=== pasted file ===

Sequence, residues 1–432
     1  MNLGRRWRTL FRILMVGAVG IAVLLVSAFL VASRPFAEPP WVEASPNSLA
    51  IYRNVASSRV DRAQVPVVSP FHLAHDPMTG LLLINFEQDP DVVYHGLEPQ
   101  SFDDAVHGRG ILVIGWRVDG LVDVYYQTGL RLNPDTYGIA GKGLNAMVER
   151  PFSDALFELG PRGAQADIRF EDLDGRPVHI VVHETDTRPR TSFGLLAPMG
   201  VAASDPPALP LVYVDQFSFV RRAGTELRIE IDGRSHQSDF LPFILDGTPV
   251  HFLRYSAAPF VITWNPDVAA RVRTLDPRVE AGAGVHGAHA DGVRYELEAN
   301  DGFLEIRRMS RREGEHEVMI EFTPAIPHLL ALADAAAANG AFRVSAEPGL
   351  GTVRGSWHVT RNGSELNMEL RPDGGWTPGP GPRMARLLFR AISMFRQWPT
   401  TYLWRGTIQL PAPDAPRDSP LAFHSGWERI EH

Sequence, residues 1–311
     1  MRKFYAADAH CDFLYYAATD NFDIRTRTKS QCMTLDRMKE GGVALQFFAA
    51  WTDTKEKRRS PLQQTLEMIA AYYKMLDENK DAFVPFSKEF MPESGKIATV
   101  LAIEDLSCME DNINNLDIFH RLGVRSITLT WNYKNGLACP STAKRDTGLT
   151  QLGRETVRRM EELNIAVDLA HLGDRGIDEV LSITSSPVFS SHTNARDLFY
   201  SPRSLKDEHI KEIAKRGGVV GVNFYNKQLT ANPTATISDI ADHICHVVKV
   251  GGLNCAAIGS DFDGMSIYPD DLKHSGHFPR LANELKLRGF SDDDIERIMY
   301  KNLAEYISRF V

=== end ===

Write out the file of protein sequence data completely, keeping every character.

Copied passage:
Sequence, residues 1–432
     1  MNLGRRWRTL FRILMVGAVG IAVLLVSAFL VASRPFAEPP WVEASPNSLA
    51  IYRNVASSRV DRAQVPVVSP FHLAHDPMTG LLLINFEQDP DVVYHGLEPQ
   101  SFDDAVHGRG ILVIGWRVDG LVDVYYQTGL RLNPDTYGIA GKGLNAMVER
   151  PFSDALFELG PRGAQADIRF EDLDGRPVHI VVHETDTRPR TSFGLLAPMG
   201  VAASDPPALP LVYVDQFSFV RRAGTELRIE IDGRSHQSDF LPFILDGTPV
   251  HFLRYSAAPF VITWNPDVAA RVRTLDPRVE AGAGVHGAHA DGVRYELEAN
   301  DGFLEIRRMS RREGEHEVMI EFTPAIPHLL ALADAAAANG AFRVSAEPGL
   351  GTVRGSWHVT RNGSELNMEL RPDGGWTPGP GPRMARLLFR AISMFRQWPT
   401  TYLWRGTIQL PAPDAPRDSP LAFHSGWERI EH

Sequence, residues 1–311
     1  MRKFYAADAH CDFLYYAATD NFDIRTRTKS QCMTLDRMKE GGVALQFFAA
    51  WTDTKEKRRS PLQQTLEMIA AYYKMLDENK DAFVPFSKEF MPESGKIATV
   101  LAIEDLSCME DNINNLDIFH RLGVRSITLT WNYKNGLACP STAKRDTGLT
   151  QLGRETVRRM EELNIAVDLA HLGDRGIDEV LSITSSPVFS SHTNARDLFY
   201  SPRSLKDEHI KEIAKRGGVV GVNFYNKQLT ANPTATISDI ADHICHVVKV
   251  GGLNCAAIGS DFDGMSIYPD DLKHSGHFPR LANELKLRGF SDDDIERIMY
   301  KNLAEYISRF V